Professor of Genetics
Phone: 205-934-2288
E-Mail: trs@uab.edu

schoeb

Dr. Schoeb received his B.S. in pre-veterinary sciences and D.V.M. from  Oklahoma State University. He then did a residency in veterinary pathology and earned a M.S. in veterinary pathology. He entered the UAB graduate program in Molecular and Cellular Pathology sponsored by the Departments of Comparative Medicine and Pathology, earning a Ph.D. in pathology.  Dr. Schoeb joined the UAB Department of Genomics and Pathobiology in 2000.  He is currently in the Department of Genetics (Genomics Division) and Associate Director of the Comparative Pathology Laboratory in the UAB Animal Resources Program.

Dr. Schoeb’s research focuses on gnotobiotic and specific pathogen-free (SPF) rodents and the phenotyping of mutant mice. He has participated in a wide variety of projects involving evaluation of disease expression in rodents and other species. His current interests are in development of gnotobiotic mouse models of inflammatory bowel disease and identification of specific intestinal bacteria involved in initiation and/or perpetuation of intestinal inflammation in these models.

Selected Publications

  1. McGinn, T.M., Tao, B., Cartner, S., Schoeb, T., Davis, I., Ratner, L. and Fultz, P.N. Association of primate T-cell lymphotropic virus infection of pig-tailed macaques with high mortality. Virology 304:364-378, 2002.
  2. Flanagan, E.B., Schoeb, T.R. and Wertz, G.W. Vesicular stomatitis viruses with rearranged genomes have altered invasiveness and neuropathogenesis in mice. J. Virol. 77:5740-5748, 2003.
  3. Barlow, S.C., Collins, R.G., Ball, N.J., Weaver, C.T., Schoeb, T.R. and Bullard, D.C. Psoriasiform dermatitis susceptibility in Itgb2tm1Bay PL/J mice requires low level CD18 expression and at least two additional loci for progression to severe disease. Am. J. Pathol. 163:197-202, 2003.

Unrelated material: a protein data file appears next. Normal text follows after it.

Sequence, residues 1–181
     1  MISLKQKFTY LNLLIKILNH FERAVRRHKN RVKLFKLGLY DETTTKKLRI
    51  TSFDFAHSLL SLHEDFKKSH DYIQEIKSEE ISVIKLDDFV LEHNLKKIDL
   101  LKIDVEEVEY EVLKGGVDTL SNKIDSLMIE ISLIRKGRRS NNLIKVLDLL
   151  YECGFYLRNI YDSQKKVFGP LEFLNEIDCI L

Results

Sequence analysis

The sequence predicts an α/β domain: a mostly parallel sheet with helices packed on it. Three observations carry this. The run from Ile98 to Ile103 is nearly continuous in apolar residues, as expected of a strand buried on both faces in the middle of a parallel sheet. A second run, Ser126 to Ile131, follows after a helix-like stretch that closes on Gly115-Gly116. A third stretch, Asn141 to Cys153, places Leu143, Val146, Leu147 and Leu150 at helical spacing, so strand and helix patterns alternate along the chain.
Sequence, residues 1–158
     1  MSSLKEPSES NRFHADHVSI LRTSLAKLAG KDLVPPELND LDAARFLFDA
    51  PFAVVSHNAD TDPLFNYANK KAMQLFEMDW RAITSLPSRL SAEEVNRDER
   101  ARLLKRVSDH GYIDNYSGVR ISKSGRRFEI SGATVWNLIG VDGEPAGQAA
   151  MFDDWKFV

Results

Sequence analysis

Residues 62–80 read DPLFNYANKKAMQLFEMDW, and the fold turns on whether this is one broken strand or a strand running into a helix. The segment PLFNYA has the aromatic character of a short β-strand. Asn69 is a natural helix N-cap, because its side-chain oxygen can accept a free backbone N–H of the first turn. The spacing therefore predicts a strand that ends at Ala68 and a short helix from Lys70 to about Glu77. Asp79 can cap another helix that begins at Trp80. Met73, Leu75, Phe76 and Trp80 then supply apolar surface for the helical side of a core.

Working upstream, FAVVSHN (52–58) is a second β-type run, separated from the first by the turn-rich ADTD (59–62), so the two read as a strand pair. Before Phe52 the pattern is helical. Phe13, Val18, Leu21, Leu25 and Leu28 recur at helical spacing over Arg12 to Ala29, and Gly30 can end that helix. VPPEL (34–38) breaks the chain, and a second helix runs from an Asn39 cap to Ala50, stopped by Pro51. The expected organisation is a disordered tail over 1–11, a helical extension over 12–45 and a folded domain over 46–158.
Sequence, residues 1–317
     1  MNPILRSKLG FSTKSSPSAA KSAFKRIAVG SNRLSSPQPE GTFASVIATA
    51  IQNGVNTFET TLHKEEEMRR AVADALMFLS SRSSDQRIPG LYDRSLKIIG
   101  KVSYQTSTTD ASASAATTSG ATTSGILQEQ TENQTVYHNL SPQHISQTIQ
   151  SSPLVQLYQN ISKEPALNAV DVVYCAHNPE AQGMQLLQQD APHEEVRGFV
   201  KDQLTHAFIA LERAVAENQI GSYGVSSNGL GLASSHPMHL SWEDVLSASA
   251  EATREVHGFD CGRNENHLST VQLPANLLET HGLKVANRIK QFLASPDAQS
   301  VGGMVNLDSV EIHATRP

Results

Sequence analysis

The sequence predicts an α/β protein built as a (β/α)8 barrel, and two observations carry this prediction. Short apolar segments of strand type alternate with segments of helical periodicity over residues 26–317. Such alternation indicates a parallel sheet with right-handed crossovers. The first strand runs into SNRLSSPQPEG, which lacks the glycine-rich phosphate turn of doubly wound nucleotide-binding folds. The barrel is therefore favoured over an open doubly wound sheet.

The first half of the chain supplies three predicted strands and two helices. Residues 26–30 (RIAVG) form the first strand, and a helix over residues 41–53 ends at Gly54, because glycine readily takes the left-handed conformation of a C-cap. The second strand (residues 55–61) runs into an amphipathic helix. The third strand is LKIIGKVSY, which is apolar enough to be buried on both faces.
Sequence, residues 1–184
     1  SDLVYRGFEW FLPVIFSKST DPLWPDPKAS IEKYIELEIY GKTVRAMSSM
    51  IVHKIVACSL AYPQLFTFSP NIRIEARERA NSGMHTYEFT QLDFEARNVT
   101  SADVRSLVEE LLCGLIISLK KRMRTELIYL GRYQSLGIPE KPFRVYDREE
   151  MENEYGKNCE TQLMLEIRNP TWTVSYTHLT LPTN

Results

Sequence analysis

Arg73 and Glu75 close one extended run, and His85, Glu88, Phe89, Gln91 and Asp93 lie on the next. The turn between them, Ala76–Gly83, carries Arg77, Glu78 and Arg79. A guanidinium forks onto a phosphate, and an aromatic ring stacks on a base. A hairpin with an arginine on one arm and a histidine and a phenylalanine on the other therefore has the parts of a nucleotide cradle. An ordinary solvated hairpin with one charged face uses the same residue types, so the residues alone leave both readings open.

4. Goetzman, E.S., Tian, L., Nagy, T.R., Gower, B.A., Schoeb, T.R., Elgavish, A., Acosta, E.P., Saag, M.S. and Wood, P.A. HIV protease inhibitor ritonavir induces lipoatrophy in male mice. AIDS Res. Hum. Retroviruses 19:1141-1150, 2003.
  5. Barlow, S.C., Xu, H., Weaver, C.T., Lindsey, J.R., Schoeb, T.R. and Bullard, D.C. Development of dermatitis in CD18-deficient PL/J mice is not dependent on bacterial flora, and requires both CD4+ and CD8+ T lymphocytes. Int. Immunol. 16:345-351, 2004.
  6. Pastva, A,, Estell, K., Schoeb, T.R., Atkinson, T.P. and Schwiebert, L.M. Aerobic exercise attenuates airway inflammatory responses in a mouse model of atopic asthma. J.Immunol. 172:4520-4526, 2004.
  7. Woolard, M.D., Hodge, L.M., Jones, H.P., Schoeb, T.R. and Simecka, J.W. The upper and lower respiratory tracts differ in their requirement of IFN-gamma and IL-4 in controlling respiratory mycoplasma infection and disease. J. Immunol. 172:6875-6883, 2004.
  8. Kevil, C.G., Hicks, M.J., He, X., Zhang, J., Ballantyne, C.M., Raman, C., Schoeb, T.R. and Bullard, D.C. Loss of LFA-1, but not Mac-1, protects MRL/MpJ-Faslpr mice from autoimmune disease. Am.J. Pathol. 165:609-616, 2004.
  9. Tu, A.-H., Clapper. B., Schoeb, T.R., Elgavish, A., Zhang, J., Liu, L., Yu, H. and Dybvig, K. Association of a major protein antigen of Mycoplasma arthritidis with virulence. Infect. Immun. 73:245-249, 2005.
  10. Mrug, M., Li, R., Cui, X., Schoeb, T.R., Churchill, G.A. and Guay-Woodford, L.M. Kinesin family member 12 is a candidate polycystic kidney disease modifier in the cpk mouse. J. Am. Soc. Nephrol.16:905-916, 2005.

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